It was a place I often thought about. I located a lot of my imaginings in it. ~~ Wendell Berry
As I cruised through my neighborhood last Thursday afternoon, I felt like an extra in a Charlton Heston sci-fi movie, “Soylent Green,” perhaps, or maybe “The Omega Man.” When I left for Hollins University back in June, kids were always outside, playing soccer, drawing on sidewalks, tossing Frisbees, turning newly-learned cartwheels.
Now the streets were silent and empty. Bikes were flung in front yards as if their owners had been vaporized. Our cul-de-sac alone is home to seventeen kids of various ages, but not a single one was in sight. It wasn’t until Sunday evening, long after the sun had dipped over the treetops, but well before lightning bugs rose and sparked from the clover, that I saw my first child outside. She ran indoors as if ordered by martial law.
Yes, it’s another hot July in Virginia so everyone takes refuge in air-conditioned buildings. But it’s always hot in Virginia in July. The house I grew up in didn’t have a/c or even a fan, except for the window fan in the grownup’s bedroom and that was only switched on after dark. What did us kids do all day? We stayed outside. Being outdoors was preferable to being indoors because that’s where we became our summer selves.
For me and my town cousins, our summer selves swapped Classic comics under the big silver maple tree. We argued whether Kool-Aid or Cheer-Aid was better. We fed green grapes to the neighbor’s chickens. We ambled through the field behind the lumber yard, scouting killdeer nests. We slipped on moss-slicked mussels in Milford Mills Creek. We played Red Light, Green Light among fireflies. After our baths, fragrant with talcum powder, we lay across the bed to catch the faint breeze, watch the blinking radio tower and make ambitious plans for the next day.
At home, I claimed my own summer kingdom. In the woods, I rode a bouncy sapling over imaginary prairies. I built a fort out of a roll of chicken wire and a musty tarp. I read Nancy Drew, the yellow-back books, in my tree house. I played in the woods and fields alone and unsupervised. I was always (well, usually) within hollering distance. Once, I crossed a little red bridge arching over a creek that led to rustic Japanese-style buildings and an in-ground pool. I wandered around the strange camp, enchanted, then found my way home. I never located that camp again.
But it was okay. The camp, like the horse-tree, the chicken-wire fort, intrepid Nancy Drew, the back yard, the front yard, the sedge-y margin between garden and woods, all formed the place of my summers. And that place was mine by right. Woods and fields, any wild outdoor spaces, belong to children.
In her book A Country Called Childhood: Children and the Exuberant World, Jay Griffiths names nineteenth-century poet John Clare as the patron saint of childhood. “Clare writes of the land as if he were a belonging of the land, as if it owned him . . . his childhood belonged to that land and to its creatures; he knew them all and felt known in turn.” Making her case for nature-deficient children, Griffiths threads ribbons of Clare’s poetry about his childhood “lost in a wilderness of listening leaves,” “roaming about on rapture’s easy wing.”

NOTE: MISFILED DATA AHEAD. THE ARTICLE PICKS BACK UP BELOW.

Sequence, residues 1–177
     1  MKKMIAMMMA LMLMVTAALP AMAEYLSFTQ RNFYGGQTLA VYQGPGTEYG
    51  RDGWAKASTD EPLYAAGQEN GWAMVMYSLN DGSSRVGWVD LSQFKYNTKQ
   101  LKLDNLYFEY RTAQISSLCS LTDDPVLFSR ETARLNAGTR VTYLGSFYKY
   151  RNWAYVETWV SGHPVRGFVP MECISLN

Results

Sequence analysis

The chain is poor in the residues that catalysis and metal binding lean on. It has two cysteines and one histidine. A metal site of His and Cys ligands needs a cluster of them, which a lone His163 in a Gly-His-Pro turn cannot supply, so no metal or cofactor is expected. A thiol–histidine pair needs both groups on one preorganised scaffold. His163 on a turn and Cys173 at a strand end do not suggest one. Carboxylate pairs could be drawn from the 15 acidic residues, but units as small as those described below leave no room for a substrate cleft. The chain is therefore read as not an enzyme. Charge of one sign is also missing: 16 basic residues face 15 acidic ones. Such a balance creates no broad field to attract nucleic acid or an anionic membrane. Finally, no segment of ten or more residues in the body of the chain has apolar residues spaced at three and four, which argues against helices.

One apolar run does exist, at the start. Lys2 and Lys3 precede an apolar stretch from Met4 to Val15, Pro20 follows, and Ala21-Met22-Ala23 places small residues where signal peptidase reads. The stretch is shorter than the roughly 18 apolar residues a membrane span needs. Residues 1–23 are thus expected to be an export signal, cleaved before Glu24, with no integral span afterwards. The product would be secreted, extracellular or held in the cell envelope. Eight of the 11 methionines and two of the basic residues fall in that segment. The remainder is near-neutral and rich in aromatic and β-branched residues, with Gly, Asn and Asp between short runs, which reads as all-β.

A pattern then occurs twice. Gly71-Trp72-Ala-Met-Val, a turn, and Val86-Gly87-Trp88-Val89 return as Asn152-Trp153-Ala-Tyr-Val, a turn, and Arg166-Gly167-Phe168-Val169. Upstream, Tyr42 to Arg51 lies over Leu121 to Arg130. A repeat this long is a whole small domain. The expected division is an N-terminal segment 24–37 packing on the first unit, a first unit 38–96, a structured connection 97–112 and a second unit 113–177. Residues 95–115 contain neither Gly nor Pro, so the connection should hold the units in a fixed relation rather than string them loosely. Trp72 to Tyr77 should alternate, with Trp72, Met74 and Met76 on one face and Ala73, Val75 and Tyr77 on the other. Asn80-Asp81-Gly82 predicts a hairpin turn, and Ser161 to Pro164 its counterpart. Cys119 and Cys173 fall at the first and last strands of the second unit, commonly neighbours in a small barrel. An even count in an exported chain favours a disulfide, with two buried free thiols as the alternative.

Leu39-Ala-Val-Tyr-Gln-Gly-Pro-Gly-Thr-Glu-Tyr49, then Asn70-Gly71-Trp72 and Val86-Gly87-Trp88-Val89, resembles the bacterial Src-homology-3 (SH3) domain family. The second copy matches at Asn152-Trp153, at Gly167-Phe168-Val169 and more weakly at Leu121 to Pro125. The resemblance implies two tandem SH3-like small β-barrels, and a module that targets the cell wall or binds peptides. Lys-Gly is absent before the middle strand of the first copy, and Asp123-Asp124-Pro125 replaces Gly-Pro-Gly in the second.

Recently I stumbled on aerial photographs of the area where I grew up. With a click of the mouse, I peeled back layers and years, the same spot in 1979, in 1968, 1963, down to 1962, when I was ten. And there were my fields and woods, the strange camp, the holly tree in the front garden, even the hog pen. The location of a lifetime of imaginings. I touched the monitor glass, willing it to vanish so I could run barefoot in that grass again.
Over the decades I’ve watched as government, schools, and parents annexed the country of childhood. Driven by litigation and ever-increasing safety standards, communities and schools build playground equipment so tame—no angles, corners, or edges—that older kids become quickly bored. Recess has been chipped away or morphed into organized sports. The number of kids who walk to school—or walk anywhere—has dropped significantly since the 1970s.
When the kids in my neighborhood do play outside, they stay confined to their small front yards, or the cul-de-sac, almost always with a parent nearby. There is no chance for them to belong to a patch of asphalt, to be owned by a square of neatly-manicured lawn. Certainly no opportunity to slap together a fort from rusted chicken wire or discover a mysterious camp in the woods or feel known by birds and wild flowers.
Where are the children of summer today? They are holed up in their bedrooms in self-imposed curfew, watching TV or playing computer games or constructing Lego sets with detailed directions. Their freedom has been chiseled into a safe haven . . . or a cage.
Worse, they don’t even know what they are missing.
As a children’s writer, I’ve preferred to write realistic fiction about kids who sort themselves into pack hierarchies, explore, make up their own traditions and games, and rearrange the landscape to locate their imaginings, just as I did. These days I’m writing the same type of books, but they are fantasy.
At night when my mind idles, I think about the places that shaped my childhood and wonder what the children of summer today will remember when they are grown up.